The First Successful Full-System Test of a Hyperloop Just Happened

Hyperloop One announces completion of first successful full-system hyperloop test.


Elon Musk came up with the idea for hyperloop pods that could whisk riders through sealed tubes at 700 mph as an ultra-fast, future-friendly form of travel. While not interested in building them himself, he issued a challenge for others to create a hyperloop that would, compared to current transit systems, be:

  • Safer 
  • Faster 
  • Lower cost 
  • More convenient 
  • Immune to weather 
  • Sustainably self-powering 
  • Resistant to Earthquakes 
  • Not disruptive to those along the route
  • Illustration from Musk’s original proposal (TESLA)

    Musk’s hyperloop is based on an even earlier 1972 proposal from R. M. Salter of the Rand Corporation that envisioned an Very High Speed Transit System (VHST) based on magnetically levitated pods moving inside a low-pressure vacuum tube. The tube would ease pod movement with about “1/6 that of the pressure of the atmosphere on Mars” — the low pressure being maintained by vacuum pumps. A “hard” vacuum, according to Musk’s proposal is problematic: “All it takes is one leaky seal or a small crack somewhere in the hundreds of miles of tube and the whole system stops working.”

    Hyperloop One, a company working to make the hyper loop system a working reality, has just announced a major achievement: The first full test of their hyperloop system in a private test taking place May 12, 2017 at DevLoop, the hyperloop test track they’ve built in the desert of Nevada. In the apparently nerve-wracking test, their prototype pod:

  • coasted above the first portion of the track for 5.3 seconds using magnetic levitation. (HyperLoop One’s system uses maglev instead of the air bearings Musk envisioned.)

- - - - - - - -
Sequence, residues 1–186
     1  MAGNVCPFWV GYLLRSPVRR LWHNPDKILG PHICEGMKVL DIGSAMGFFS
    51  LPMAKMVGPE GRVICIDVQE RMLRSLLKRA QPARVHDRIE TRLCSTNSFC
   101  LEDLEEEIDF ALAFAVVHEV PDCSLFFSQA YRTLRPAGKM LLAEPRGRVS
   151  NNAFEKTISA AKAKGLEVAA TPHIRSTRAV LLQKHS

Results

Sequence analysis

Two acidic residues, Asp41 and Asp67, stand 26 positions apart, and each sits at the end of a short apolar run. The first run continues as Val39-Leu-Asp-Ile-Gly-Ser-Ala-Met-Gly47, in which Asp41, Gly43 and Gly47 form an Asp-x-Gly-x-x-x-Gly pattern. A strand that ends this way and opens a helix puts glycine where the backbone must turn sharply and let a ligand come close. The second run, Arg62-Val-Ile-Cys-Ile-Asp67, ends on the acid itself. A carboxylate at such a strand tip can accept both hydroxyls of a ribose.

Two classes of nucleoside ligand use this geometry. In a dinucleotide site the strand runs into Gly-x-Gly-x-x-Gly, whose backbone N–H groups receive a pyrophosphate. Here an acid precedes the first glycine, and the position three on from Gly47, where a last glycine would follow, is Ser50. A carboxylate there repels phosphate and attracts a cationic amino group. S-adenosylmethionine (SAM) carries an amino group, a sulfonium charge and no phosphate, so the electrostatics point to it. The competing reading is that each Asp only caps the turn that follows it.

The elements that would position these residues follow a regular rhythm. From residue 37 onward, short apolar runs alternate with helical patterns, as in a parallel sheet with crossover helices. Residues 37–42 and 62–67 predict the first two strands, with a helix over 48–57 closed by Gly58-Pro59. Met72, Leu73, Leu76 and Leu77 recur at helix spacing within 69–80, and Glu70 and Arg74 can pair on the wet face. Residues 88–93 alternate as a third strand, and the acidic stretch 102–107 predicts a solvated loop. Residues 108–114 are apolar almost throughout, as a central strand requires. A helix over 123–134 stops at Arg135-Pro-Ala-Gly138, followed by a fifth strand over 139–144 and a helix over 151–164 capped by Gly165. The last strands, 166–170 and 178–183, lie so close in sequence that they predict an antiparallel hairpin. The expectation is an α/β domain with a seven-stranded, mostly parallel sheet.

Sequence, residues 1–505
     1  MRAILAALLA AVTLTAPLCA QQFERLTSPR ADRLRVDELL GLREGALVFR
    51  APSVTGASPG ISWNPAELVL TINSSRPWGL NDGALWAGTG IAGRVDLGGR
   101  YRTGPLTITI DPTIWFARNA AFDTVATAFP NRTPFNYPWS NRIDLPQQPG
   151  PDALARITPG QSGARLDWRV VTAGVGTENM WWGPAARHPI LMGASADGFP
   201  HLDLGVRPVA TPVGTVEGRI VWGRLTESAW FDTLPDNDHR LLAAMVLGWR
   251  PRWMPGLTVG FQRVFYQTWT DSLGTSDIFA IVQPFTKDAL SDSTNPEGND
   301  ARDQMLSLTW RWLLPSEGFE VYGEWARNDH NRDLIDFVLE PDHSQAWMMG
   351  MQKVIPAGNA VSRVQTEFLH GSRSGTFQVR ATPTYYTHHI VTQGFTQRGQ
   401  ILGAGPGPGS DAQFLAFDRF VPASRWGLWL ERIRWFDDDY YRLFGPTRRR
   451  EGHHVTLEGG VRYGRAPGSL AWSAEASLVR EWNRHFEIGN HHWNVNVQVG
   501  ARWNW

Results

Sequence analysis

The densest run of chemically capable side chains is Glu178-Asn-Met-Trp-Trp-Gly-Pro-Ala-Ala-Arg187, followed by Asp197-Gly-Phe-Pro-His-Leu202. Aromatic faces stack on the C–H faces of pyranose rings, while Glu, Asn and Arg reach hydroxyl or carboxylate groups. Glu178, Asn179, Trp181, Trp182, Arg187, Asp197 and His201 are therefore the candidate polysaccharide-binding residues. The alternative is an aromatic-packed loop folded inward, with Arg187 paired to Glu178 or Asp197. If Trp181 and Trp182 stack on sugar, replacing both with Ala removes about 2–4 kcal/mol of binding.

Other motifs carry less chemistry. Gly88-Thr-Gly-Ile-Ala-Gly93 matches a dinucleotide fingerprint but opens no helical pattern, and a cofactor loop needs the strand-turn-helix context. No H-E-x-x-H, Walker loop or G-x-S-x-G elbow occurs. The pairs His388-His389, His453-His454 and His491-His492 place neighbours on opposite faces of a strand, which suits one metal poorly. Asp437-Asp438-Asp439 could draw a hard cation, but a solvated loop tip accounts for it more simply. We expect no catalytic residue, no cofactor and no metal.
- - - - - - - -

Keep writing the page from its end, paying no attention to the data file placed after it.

• reached nearly 2Gs of acceleration
  • achieved the Phase 1 target speed of 70mph. (Phase 2 will shoot for 250 mph.)
  • The team also tested all of the components throughout the system, including its motor, pod suspension, magnetic levitation, electromagnetic braking, and vacuum-pumping to ensure they function successfully as a single unit in a vacuum.

    (HYPERLOOP ONE)

    Obviously, there’s a way to go before attaining the hoped-for 700 mph speed, and hyperloop tubes will have to be constructed — Musk’s been promoting the digging of tunnels for various transit purposes, including hyperloop tubes — but it’s an exciting moment nonetheless. Hyperloop One’s Shervin Pishevar says in the company’s press release, “Hyperloop One has accomplished what no one has done before by successfully testing the first full scale Hyperloop system. By achieving full vacuum, we essentially invented our own sky in a tube, as if you're flying at 200,000 feet in the air. For the first time in over 100 years, a new mode of transportation has been introduced. Hyperloop is real, and it's here now."

    Alongside the announcement of the successful test, Hyperloop One also unveiled their new pod prototype, the XP-1, 28 feet long and made of structural aluminum. The company says the pod achieves autonomous high-speed propulsion in low pressure using a proprietary “linear electric” motor.

    The XP-1 (HYPERLOOP ONE)

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